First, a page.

Academic Entrepreneurship and Knowledge Transfer Networks: Translation Process and Boundary Organizations

Academic Entrepreneurship and Knowledge Transfer Networks: Translation Process and Boundary Organizations

Hugo Pinto (University of Coimbra, Portugal), Ana Rita Cruz (University Institute of Lisbon, Portugal) and Helena de Almeida (University of Algarve, Portugal)
Copyright: © 2017 |Pages: 30
DOI: 10.4018/978-1-5225-1923-2.ch045

Abstract

This chapter underlines contributions that Science and Technology Studies (STS) can give to the analysis of the knowledge transfer process and academic entrepreneurship. The central objective of the chapter is to understand the challenges that an academic entrepreneur has to face to implement an innovative idea. To achieve this goal, the chapter presents two spin-off case studies from the Algarve region (Portugal). The case studies pay attention to academic entrepreneurship in the medical field (F1) and in eco-tourism (E1). It is given attention to the translation phases and to the network creation.
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Introduction

Today there is a major emphasis on university-industry relations. Universities are not only related its two traditional roles: the training of human capital through education and the generation of new knowledge through (basic) research. Today a third role of the university is recognised, the engagement with the community towards regional development (Molas-Gallart; Salter; Patel; Scott & Duran, 2002). Several theoretical frameworks are compatible with this idea of a new role of the university, such as the Mode 2 of Knowledge Production (Gibbons; Limoges; Nowotny; Schwartzman; Scott & Trow, 1994), the Triple Helix (Etzkowitz & Leydesdorff, 1997) and the Regional Innovation Systems (Uyarra, 2009; Benneworth; Coenen; Moodysson & Asheim, 2009). This new mission lacks of an efficient and stable framework of relationships with the actors in their environment, particularly with firms. Initiatives such as the knowledge transfer offices (KTOs) try to create linkages between the academy and business, supporting spin-off and start-up creation, collaborative research projects, and industrial property rights registration and licensing. These new hybrid organizations gain new support schemes and instruments, from the regional scale to nation-wide initiatives or even at the international level. KTOs seem to have an important role in consolidating relations between researchers and entrepreneurs to ensure an alignment of interests, speeches and timings in order to promote an effective transfer of knowledge.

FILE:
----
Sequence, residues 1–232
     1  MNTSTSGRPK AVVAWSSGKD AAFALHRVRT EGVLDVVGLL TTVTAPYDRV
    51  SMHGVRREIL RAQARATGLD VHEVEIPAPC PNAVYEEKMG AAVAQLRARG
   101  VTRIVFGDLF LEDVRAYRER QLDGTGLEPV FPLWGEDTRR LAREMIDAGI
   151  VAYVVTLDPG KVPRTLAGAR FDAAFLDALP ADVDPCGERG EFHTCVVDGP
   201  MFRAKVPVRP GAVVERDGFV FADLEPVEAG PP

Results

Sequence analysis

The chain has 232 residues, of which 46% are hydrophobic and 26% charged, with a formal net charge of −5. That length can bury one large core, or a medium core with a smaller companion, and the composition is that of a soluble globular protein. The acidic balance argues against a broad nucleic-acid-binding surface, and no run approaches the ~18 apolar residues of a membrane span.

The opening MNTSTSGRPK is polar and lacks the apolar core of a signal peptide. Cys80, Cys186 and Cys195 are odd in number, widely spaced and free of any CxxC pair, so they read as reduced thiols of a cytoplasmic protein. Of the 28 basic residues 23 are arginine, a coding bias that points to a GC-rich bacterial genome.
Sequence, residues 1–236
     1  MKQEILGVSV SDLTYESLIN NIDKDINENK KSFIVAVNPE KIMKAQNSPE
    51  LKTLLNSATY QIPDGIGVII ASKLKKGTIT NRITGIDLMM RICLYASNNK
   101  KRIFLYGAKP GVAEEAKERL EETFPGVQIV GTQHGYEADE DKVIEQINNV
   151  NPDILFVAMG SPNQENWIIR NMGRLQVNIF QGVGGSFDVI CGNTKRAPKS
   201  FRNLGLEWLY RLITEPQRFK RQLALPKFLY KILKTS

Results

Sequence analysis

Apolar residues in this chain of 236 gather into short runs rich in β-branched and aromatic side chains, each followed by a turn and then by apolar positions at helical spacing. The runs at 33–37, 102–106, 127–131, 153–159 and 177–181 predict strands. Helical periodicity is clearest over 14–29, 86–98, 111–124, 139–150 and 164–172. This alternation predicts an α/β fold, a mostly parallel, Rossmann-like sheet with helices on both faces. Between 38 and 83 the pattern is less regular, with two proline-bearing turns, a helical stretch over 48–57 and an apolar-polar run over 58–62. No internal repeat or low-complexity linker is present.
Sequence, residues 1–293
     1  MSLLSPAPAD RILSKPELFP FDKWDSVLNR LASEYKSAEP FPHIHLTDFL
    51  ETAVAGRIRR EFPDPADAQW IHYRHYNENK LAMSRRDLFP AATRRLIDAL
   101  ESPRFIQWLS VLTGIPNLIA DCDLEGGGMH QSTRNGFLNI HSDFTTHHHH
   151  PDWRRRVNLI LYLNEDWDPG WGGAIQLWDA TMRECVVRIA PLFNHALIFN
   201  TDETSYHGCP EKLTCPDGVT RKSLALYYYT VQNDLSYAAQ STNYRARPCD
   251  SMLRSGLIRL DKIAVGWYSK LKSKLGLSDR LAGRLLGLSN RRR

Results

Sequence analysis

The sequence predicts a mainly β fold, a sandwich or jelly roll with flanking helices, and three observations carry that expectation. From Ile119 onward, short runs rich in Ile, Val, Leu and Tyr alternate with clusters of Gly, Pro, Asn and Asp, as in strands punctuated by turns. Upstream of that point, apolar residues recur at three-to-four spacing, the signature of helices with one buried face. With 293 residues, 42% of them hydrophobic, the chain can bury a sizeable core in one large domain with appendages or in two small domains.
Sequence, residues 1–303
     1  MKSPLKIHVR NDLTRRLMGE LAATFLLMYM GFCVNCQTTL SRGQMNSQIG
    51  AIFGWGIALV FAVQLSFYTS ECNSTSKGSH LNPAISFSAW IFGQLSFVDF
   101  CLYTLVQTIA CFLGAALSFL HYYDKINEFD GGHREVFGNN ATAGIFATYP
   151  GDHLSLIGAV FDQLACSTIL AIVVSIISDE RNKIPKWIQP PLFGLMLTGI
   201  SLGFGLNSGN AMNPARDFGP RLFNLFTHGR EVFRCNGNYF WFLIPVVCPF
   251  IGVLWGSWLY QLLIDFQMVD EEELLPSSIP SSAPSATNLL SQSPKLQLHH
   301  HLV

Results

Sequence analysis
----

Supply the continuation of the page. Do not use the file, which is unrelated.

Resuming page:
In this context, academic entrepreneurship has assumed a growing importance as a mechanism to promote employment and social cohesion and plays a central role in economic regeneration and competitiveness of the territories. In knowledge and technology intensive regions, the relation between academic entrepreneurship and regional development is clear. In territories where the main economic activities have less evident technological content, the role of universities may seem less relevant and academic entrepreneurship itself may be considered less critical.

This chapter underlines contributions that Science and Technology Studies (STS) can give to the analysis of the knowledge transfer process and academic entrepreneurship. The central objective of the chapter is to understand the challenges that an academic entrepreneur has to face to implement his innovative idea. To achieve this goal, the chapter presents two spin-off case-studies from the Algarve region (Portugal). The case studies pay attention to academic entrepreneurship in the medical field (F1) and in eco-tourism (E1). It is given attention to the translation phases and to the network creation. The Actor-Network-Theory (ANT) uses the idea of translation between different collectives to facilitate the understanding of the phases of the process, detecting what went well - and especially and often forgotten - what went wrong. Social Network Analysis (SNA) is briefly introduced to present the strength of this method to map social capital and knowledge relations.

The chapter is organised as follows. In the next section, knowledge transfer and academic entrepreneurship are briefly introduced, underlining the emergence of these notions as of crucial relevance as an inducer of economic dynamics. A second section regards the case studies. ANT is debated as a qualitative approach to study translation processes. The academic spin-offs are presented in terms of their innovative character, a chronology with the moments of translation until the stabilisation of the actor-network and its transformation in an obligatory passage point in their regional context. Firms’ social ties are represented using the SNA. The chapter closes with some conclusions and implications.

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